Remembering Nanay

Mark 7: 1-13
1 Kgs 8:22-23,27-30 / Ps 84

Moses said, ‘Honor your father and your mother,’ and, ‘Anyone who curses his father or mother must be put to death.’
(Mark 7:10)

Who bore me in great pain to birth?
Raised me to what I have become?
To whom do I owe most my worth?
My mother, the light of our home.

The Pharisees and some of the teachers of the law who had come from Jerusalem gathered around Jesus and saw some of his disciples eating food with hands that were “unclean,” that is, unwashed. (The Pharisees and all the Jews do not eat unless they give their hands a ceremonial washing, holding to the tradition of the elders. When they come from the marketplace they do not eat unless they wash. And they observe many other traditions, such as the washing of cups, pitchers and kettles.)

So the Pharisees and teachers of the law asked Jesus, “Why don’t your disciples live according to the tradition of the elders instead of eating their food with ‘unclean’ hands?” He replied, “Isaiah was right when he prophesied about you hypocrites; as it is written: ” ‘These people honor me with their lips, but their hearts are far from me. They worship me in vain; their teachings are but rules taught by men.’ You have let go of the commands of God and are holding on to the traditions of men.” And he said to them: “You have a fine way of setting aside the commands of God in order to observe your own traditions! For Moses said, ‘Honor your father and your mother,’ and, ‘Anyone who curses his father or mother must be put to death.’ But you say that if a man says to his father or mother: ‘Whatever help you might otherwise have received from me is Corban’ (that is, a gift devoted to God), then you no longer let him do anything for his father or mother. Thus you nullify the word of God by your tradition that you handed down. And you do many things like that.” (Mark 7:1-13)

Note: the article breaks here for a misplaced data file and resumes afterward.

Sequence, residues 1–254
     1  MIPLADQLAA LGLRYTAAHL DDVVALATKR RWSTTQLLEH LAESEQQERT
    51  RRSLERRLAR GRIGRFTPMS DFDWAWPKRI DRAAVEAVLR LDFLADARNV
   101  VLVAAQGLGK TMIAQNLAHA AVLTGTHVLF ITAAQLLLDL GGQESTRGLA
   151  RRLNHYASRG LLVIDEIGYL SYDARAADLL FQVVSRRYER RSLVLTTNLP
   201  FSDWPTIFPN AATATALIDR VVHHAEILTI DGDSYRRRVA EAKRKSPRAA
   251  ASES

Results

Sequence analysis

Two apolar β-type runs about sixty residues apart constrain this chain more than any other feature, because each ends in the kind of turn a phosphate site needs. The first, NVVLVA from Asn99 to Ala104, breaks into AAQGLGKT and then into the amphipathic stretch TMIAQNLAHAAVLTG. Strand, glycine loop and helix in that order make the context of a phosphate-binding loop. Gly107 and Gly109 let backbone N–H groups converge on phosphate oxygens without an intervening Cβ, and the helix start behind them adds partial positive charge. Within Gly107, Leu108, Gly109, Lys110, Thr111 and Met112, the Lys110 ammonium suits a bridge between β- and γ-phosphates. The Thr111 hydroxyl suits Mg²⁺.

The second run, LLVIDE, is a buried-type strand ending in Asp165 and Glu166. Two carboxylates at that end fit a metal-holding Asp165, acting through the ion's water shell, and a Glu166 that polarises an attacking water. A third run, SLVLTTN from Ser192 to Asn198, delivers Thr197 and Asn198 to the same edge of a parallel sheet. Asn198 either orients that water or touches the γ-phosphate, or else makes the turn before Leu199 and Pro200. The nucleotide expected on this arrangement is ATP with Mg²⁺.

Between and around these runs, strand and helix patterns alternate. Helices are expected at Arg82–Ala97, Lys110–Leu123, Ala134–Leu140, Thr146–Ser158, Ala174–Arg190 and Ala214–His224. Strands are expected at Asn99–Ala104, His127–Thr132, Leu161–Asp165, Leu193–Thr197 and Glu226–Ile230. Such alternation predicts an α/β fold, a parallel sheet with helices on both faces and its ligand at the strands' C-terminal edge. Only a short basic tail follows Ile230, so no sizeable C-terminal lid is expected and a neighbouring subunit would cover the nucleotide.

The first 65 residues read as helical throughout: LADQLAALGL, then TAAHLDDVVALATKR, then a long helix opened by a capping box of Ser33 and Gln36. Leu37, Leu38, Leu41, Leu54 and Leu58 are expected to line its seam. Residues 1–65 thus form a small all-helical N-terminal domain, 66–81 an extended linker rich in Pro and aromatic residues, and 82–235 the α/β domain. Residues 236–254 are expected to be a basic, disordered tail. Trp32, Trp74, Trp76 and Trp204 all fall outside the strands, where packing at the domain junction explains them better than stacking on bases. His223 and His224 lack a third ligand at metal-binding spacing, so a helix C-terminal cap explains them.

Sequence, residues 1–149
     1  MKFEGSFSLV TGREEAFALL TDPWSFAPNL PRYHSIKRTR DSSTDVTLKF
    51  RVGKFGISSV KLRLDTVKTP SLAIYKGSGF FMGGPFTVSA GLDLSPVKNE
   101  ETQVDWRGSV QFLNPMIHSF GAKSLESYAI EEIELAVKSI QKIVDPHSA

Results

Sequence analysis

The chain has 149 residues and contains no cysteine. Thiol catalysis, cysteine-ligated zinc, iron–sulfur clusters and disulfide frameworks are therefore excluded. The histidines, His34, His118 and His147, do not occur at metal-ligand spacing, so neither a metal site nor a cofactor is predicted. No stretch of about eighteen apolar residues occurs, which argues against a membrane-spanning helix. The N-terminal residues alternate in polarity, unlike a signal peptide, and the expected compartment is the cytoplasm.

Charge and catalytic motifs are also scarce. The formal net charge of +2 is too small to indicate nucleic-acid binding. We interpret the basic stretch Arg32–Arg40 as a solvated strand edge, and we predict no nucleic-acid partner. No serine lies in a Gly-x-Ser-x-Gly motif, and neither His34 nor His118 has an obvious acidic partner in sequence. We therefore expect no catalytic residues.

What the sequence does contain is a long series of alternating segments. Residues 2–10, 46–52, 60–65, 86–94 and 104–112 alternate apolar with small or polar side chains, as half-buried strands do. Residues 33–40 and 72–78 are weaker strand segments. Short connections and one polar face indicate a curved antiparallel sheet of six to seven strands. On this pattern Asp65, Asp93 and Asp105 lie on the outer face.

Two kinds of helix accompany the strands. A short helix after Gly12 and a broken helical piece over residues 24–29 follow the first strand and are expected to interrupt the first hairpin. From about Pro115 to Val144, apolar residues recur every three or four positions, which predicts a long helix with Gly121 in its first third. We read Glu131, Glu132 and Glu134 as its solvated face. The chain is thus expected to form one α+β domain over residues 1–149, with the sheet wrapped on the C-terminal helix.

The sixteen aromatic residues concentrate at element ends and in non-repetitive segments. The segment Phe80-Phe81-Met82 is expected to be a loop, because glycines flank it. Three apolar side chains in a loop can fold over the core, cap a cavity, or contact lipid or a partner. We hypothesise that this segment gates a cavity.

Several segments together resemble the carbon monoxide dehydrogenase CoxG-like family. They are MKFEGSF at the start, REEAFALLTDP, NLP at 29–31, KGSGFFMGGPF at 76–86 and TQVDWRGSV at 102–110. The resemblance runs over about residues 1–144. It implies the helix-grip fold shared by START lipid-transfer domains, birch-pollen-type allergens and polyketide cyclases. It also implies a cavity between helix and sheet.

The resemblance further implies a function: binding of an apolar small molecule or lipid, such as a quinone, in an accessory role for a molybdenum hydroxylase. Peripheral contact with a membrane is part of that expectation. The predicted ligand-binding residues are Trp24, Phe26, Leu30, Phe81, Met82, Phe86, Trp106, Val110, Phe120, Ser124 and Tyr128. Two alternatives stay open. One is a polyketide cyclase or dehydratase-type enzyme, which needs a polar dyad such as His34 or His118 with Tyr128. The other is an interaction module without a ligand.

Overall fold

Reflection

Dishonoring one’s parents was considered such a grave offense in the old days that, “whoever cursed his father or mother” was meted the death penalty (Ex.21:17). The book of Sirach, chapter 3, verses 1-16 gives a long discourse on the blessings God pours on children who honor their father and mother.

I remember our mother, whose second death anniversary we are commemorating tomorrow. She lived life to the full – up to the last year of her life (85 years) she preferred to work every day, and even went ballroom dancing at night, three times a week. Each day that we saw each other at the office was always a joy for me, knowing that her mind was not only still sharp and lucid, but had retained the wit and sense of humor undiminished by the pains of age. It was not difficult to love and honor a woman who successfully raised eleven children, survived a brutal war, and by self-study, established her own business. She took pride in the professional and financial successes of her brood, and the stability of their families. All of her 36 grandchildren looked up to their generous “Nanay” as their ‘mother of perpetual help’. True to her name, Socorro, all the members of her clan knew that in times of need, she was our constant succor.

I believe the Lord had given me a special privilege of being in my mother’s company most of the time, as we shared the same office room. Serving her in every little way was already its own reward, for as St. Paul said in his letter to the Colossians, (4:20), it is in honoring and obeying our parents in everything that is pleasing to the Lord.

Lord God, You said that it is in honoring our parents that we will receive Your abundant blessings; but Your giving us loving parents was blessings enough. Thank you for the values and ideals that You gave us through the lives of our parents. Amen.

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